Hasso ini. Remember this.
The 75th anniversary of the liberation of Guam from Japanese occupation has come and gone. The celebrations, the memorials, and the parade are over. Next year, fewer living war survivors will remain to tell their stories. Soon, we will have to rely on videos and written accounts to honor their strength and resilience in the face of unimaginable circumstances.
Some years ago, when I attended the annual Manenggon memorial, I spoke with a war survivor who told me that his three-year-old sister had died along the way during the original march to Manenggon. He relayed how his distraught mother had begged her brother and father to mark her baby’s grave well so that they could find her after the war. They never did.
I thought about that story on July 7th, as I joined several hundred people who retraced the infamous steps forced on thousands of CHamorus by Japanese solders 75 years ago. One of this year’s participants was Tun Juan Guzman, who today is 85 years old, but who was a boy of 10 during that first march. The first three years of the Manenggon Memorial, he walked here from Agat. Every year since then, he has walked from Ylig Bridge, carrying the Manenggon Foundation flag along the way. Originally from the village of Sumay, Mr. Guzman says he will keep honoring his fellow survivors “while I’m still alive.”
Willy Flores, chairman of the Manenggon Memorial Foundation, spoke in CHamoru at this year’s ceremony about the importance of reminding our children and grandchildren about their elders’ war experiences. “All of you are heroes,” he said to the dwindling number of survivors present.
Those of us who walked with Mr. Guzman were drenched in sweat by the time we got to the memorial site. I couldn’t help thinking that 75 years ago, the road was not paved, there weren’t people driving by in utility vehicles handing out plastic bottles of ice-cold water, and when the people arrived in Manenggon, there was no lunch awaiting them. It was raining and muddy, most of the people had no shoes, and there was no food. Anywhere.
“We were so hungry,” my mother-in-law remembers.
At Tinta and Faha in Malesso, the Japanese massacred nearly 50 people with grenades, bayonets, and machine guns.
This year – my first time at Tinta – the woman who led the rosary, Jackie Hale, thanked me for coming. She told me she always recognizes new faces, and appreciates when people take the time to remember the sacrifice of her grandfather, Ramon Garrido Garrido, and the other Malesso residents killed when Japanese soldiers herded them into the cave at Tinta and threw grenades at them and then bayonetted them.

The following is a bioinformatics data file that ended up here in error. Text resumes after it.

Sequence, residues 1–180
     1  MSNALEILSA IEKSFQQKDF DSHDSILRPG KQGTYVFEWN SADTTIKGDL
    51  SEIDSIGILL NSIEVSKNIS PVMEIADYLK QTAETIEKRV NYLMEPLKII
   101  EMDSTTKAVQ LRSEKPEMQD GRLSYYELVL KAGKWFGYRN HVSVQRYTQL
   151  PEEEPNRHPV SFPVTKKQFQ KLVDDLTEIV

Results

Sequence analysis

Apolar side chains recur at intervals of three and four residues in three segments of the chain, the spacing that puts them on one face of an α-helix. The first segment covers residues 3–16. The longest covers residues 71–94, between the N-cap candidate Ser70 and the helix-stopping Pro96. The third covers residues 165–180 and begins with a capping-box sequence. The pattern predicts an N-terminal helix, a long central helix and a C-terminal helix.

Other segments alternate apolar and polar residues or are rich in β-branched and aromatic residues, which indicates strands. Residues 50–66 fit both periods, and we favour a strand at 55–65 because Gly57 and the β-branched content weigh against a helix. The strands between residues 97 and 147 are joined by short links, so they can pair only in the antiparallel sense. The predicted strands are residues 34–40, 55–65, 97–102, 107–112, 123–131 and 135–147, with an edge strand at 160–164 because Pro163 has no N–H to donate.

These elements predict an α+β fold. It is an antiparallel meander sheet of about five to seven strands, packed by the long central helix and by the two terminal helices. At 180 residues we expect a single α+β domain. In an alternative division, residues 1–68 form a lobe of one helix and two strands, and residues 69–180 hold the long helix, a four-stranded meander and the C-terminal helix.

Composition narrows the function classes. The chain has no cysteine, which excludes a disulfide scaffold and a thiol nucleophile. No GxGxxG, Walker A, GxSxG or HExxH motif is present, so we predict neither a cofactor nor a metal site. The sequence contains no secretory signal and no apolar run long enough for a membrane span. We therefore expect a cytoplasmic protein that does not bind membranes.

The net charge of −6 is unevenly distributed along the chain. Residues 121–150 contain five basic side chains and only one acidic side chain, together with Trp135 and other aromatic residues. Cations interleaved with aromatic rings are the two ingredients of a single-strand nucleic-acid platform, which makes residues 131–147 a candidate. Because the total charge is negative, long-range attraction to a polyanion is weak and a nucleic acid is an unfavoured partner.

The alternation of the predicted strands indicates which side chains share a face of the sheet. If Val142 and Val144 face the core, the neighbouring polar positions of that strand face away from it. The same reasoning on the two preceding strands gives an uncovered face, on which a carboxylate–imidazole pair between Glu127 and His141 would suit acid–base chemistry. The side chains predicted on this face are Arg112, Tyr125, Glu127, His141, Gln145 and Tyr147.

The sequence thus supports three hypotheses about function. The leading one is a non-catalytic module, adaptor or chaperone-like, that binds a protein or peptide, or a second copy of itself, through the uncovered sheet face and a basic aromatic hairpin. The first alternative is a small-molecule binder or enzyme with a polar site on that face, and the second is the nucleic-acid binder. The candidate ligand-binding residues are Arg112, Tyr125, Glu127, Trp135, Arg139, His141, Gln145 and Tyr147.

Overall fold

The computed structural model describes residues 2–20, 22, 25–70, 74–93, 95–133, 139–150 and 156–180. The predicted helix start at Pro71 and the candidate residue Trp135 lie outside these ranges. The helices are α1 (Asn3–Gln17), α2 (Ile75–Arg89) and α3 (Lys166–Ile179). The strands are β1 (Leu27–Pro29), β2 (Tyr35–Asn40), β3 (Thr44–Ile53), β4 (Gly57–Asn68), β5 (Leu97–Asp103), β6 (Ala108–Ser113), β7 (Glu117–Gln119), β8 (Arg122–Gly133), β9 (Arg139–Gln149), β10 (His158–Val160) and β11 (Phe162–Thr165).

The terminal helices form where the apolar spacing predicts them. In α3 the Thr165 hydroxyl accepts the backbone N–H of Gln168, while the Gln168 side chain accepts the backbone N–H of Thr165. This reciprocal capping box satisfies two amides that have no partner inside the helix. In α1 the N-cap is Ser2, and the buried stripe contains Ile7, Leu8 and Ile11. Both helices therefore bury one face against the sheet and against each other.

Unless you are a veteran who has served in combat, it is hard to imagine these scenarios. Would we, with our air conditioning, our propensity for fast food, and our ubiquitous cell phones, be able to survive under such conditions? Would we have the strength, the courage, or the resilience that a generation of now-withered faces and bodies once did? Hopefully, we never have to find out.
But remembering what our manamko’ suffered through and lived through during the war is vital to CHamoru history. Their stories can serve to inspire a generation of young people, some of whom seem to be turning to increasingly self-destructive behaviors when they perceive that life is not going their way. Telling them that their ancestors’ strong blood runs through their veins may help some of our youth to better handle increasingly complicated 21st century troubles.
Tell the stories of your family’s manamko’. Pass these stories down to your children and grandchildren. To remember is to honor them. Doing so can help to inspire a whole new generation.
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Jayne Flores is the director of the Bureau of Women’s Affairs and a long-time journalist. Contact her at email@example.com.